Saturday, 14 March 2015

Guardian letters on free schools and "character teaching"

Increasingly, it becomes more difficult to react to news about education policies with anything but despair. It would be expecting too much of the Tories for them to base their policies on empirical evidence, given Gove`s examination reforms, but even the report by Tory think-tank, Policy Exchange, on which their "500 more free schools" announcement is founded, admits its limitations. (Cameron to pledge 500 more free schools despite statstical doubts,09/03/15) The fact that the report confesses its own "data cannot demonstrate conclusively" that any improvements in state schools have anything to do with being near a free school, beggars belief; they should have added, "despite what the prime minister will say"!
     Sadly, news from Labour on the education front fares little better, despite their intention to "scrap" the free school scheme Only last week we saw Tristram Hunt showing enthusiasm for another policy testifying, in Rafael Behr`s words, "to the power of nostalgia above evidence". (Policy by nostalgia just ain`t what it used to be,04/03/15) Of course, the country needs to "make the most of the talents of all our young people" but how can that be achieved by identifying only a small proportion, the so-called "gifted and talented", and giving them special treatment?

     All children have talents and deserve an educational system which will stretch them to the limit, but designating some as worthy of a more expensive education, is clearly unfair, and certainly should not be featuring in an education policy of any political party. Whatever happened to the idea of equality of opportunity?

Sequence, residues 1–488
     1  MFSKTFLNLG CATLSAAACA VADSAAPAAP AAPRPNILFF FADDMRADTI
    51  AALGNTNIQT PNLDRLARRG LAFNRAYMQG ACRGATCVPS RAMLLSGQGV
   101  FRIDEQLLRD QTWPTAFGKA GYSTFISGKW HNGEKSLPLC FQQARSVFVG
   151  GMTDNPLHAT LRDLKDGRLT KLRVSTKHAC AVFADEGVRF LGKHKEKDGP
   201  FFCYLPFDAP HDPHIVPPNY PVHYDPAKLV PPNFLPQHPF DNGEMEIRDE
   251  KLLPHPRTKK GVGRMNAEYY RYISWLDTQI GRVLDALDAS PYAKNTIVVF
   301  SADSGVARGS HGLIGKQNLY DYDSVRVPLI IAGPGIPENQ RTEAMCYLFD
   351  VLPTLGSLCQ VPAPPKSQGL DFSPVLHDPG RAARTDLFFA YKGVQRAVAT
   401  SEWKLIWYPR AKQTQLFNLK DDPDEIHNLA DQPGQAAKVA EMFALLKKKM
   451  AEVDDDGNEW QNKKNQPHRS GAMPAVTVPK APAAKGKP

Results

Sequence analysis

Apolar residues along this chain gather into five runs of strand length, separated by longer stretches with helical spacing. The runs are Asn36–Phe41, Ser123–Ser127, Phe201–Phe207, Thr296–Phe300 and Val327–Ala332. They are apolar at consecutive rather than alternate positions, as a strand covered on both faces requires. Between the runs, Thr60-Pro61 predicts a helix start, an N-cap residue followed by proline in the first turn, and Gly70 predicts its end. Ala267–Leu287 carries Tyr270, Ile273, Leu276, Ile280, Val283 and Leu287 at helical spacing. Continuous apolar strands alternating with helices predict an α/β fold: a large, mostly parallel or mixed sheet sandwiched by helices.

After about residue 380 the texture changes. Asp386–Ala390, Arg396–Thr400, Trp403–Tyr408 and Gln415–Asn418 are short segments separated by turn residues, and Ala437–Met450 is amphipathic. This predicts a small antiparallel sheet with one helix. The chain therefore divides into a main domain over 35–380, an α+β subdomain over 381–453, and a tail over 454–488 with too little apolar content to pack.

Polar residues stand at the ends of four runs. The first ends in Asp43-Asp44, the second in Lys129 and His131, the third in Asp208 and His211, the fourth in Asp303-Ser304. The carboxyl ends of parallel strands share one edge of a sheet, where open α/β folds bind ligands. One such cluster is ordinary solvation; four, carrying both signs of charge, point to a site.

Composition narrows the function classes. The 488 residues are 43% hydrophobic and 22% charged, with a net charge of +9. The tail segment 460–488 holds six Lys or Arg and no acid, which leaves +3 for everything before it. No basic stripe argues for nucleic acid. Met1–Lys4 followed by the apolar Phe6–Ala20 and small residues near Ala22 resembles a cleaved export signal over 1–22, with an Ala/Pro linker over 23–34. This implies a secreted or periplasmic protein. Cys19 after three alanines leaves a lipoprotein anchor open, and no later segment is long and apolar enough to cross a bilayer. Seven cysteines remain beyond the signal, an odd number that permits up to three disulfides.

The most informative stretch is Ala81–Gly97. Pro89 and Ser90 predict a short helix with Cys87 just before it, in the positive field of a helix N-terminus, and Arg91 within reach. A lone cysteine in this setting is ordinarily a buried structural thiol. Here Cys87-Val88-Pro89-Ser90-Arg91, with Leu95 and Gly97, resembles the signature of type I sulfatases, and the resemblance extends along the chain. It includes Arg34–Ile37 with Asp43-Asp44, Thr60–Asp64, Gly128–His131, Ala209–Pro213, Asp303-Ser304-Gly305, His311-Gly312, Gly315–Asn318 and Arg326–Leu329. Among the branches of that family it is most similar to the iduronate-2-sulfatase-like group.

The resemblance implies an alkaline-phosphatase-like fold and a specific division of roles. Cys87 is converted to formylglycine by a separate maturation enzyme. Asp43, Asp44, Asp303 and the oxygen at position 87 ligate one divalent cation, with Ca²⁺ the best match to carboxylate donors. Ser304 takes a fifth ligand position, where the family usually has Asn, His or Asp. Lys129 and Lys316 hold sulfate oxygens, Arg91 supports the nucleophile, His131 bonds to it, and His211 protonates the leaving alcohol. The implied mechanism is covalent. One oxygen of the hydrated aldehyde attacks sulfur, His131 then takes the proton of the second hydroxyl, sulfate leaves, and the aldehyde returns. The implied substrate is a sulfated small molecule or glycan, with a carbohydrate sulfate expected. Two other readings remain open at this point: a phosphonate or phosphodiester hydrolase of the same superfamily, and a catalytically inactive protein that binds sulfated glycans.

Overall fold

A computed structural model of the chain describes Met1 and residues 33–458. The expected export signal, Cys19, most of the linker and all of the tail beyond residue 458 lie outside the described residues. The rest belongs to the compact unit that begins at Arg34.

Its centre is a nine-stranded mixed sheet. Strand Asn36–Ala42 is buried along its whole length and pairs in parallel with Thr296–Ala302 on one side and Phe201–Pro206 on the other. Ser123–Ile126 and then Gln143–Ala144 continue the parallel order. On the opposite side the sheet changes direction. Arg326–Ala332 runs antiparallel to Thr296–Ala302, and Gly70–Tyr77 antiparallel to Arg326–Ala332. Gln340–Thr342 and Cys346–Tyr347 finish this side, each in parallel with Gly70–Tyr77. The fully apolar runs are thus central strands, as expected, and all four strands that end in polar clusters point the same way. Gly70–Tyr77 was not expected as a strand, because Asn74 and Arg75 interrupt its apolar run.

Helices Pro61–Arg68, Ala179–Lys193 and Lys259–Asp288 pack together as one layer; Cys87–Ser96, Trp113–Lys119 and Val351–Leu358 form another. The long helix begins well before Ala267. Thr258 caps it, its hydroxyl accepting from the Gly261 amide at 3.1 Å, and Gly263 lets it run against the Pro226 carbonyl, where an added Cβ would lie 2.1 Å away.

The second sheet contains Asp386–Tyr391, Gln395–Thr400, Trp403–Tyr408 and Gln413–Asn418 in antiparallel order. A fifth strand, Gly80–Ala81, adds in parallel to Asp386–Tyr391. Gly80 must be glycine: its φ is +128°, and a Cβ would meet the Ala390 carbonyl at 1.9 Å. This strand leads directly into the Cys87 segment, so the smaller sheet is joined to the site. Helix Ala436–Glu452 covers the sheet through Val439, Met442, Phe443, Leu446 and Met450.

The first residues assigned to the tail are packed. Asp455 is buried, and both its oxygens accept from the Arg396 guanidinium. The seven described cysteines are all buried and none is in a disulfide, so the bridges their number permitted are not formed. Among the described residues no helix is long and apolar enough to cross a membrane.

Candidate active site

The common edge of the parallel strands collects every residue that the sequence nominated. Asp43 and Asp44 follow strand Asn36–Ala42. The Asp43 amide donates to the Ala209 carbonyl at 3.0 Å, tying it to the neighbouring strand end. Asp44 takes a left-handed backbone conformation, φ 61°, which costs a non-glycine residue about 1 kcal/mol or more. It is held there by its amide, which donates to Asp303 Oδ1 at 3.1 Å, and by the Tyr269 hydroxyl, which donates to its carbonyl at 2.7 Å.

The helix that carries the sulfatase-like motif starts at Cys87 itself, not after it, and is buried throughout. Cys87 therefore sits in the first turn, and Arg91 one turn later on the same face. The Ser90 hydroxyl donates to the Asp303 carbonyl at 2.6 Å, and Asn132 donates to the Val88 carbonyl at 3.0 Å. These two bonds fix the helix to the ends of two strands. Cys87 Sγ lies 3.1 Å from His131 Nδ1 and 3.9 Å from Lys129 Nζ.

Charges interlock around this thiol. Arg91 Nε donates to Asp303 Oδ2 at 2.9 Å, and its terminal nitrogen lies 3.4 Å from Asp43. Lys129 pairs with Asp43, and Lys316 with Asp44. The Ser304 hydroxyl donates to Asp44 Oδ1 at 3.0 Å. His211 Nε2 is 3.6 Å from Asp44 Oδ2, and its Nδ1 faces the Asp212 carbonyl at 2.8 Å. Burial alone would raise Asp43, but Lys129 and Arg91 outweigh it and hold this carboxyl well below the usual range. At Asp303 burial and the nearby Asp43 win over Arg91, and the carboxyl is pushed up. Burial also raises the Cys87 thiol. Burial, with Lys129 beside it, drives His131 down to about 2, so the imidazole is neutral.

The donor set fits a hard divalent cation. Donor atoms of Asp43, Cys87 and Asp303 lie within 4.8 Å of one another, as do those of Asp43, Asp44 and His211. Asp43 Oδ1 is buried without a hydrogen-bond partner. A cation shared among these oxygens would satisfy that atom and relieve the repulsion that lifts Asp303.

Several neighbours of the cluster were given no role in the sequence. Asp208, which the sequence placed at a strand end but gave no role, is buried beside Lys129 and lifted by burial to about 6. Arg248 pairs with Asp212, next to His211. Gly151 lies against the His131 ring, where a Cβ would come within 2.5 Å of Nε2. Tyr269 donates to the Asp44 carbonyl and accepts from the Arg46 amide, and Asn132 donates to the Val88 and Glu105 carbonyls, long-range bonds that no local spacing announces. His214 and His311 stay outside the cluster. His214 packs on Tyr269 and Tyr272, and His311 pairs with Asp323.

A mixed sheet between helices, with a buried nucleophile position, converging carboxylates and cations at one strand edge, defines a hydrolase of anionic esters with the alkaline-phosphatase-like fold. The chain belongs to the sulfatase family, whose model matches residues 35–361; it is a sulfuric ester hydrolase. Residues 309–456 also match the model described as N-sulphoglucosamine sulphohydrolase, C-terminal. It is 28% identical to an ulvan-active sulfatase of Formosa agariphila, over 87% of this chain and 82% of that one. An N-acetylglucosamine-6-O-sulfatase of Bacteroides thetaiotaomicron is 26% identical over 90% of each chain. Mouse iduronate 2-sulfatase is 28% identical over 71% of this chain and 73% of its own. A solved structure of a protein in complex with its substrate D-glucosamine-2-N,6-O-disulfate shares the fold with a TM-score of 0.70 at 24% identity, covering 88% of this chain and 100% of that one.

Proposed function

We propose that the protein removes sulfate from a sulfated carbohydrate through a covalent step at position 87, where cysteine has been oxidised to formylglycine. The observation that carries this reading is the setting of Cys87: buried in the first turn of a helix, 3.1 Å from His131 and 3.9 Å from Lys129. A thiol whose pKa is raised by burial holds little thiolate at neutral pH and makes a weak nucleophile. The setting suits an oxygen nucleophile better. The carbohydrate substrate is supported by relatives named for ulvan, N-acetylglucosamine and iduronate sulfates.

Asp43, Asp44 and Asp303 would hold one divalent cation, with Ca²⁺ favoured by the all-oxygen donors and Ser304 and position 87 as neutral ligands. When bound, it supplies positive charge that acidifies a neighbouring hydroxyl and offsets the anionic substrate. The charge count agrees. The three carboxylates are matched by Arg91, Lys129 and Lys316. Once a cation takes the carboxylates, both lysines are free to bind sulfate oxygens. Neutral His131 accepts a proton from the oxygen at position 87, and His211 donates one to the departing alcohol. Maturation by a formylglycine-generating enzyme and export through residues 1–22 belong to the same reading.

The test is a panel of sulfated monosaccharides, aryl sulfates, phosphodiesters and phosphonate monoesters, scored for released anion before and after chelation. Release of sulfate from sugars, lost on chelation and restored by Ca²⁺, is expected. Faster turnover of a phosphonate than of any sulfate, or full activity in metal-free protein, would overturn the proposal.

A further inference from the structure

Whilst not usually finding anything significant with which to disagree in a Fiona Millar column, her article on "character education" appeared to be based on the  mistaken premise that pupils in state schools today lack sufficient "character and resilience". (You can`t measure good character,10/03/15) Tristram Hunt  frequently has remarked on this alleged difference in this respect between the state and privately educated, but is this not an example of merely carrying on where Gove left off, making huge generalisations about education without the empirical evidence to substantiate them? Rafael Behr would, no doubt, refer to it as "the power of nostalgia above evidence". (Policy by nostalgia just ain`t what it used to be,04/03/15)
  Millar states that the DfE`s definition of character includes everything from "perseverance, drive, and grit" to "honesty and dignity", but, in my experience, all of these characteristics, and more, abounded in state schools. As for resilence, state pupils constantly display the ability to recover from setbacks. How often have they had to bounce back in the face of assessment "goalposts" being frequently moved, and their excellent examination results being crticised and challenged by politicians from all parties, not to mention the personal economic and social problems many face? Then there`s the Education Maintenance Allowance being removed, 6th form courses being dropped because of lack of government funding, university fees being hiked, and the ever-present preference shown by the so-called top universities for students from the private sector, despite recent research showing how state-educated undergraduates do better at university than students educated at the so-called "schools of character", with similar A-level grades.
     Of course, the "enrichment activities that help cultivate well-rounded young people" are under threat in state schools, and perhaps it is here where the DfE`s attention needs to be focussed, rather than on England becoming a "global leader of teaching character", with its inevitable criticism of teachers, albeit implicit this time.

No comments:

Post a Comment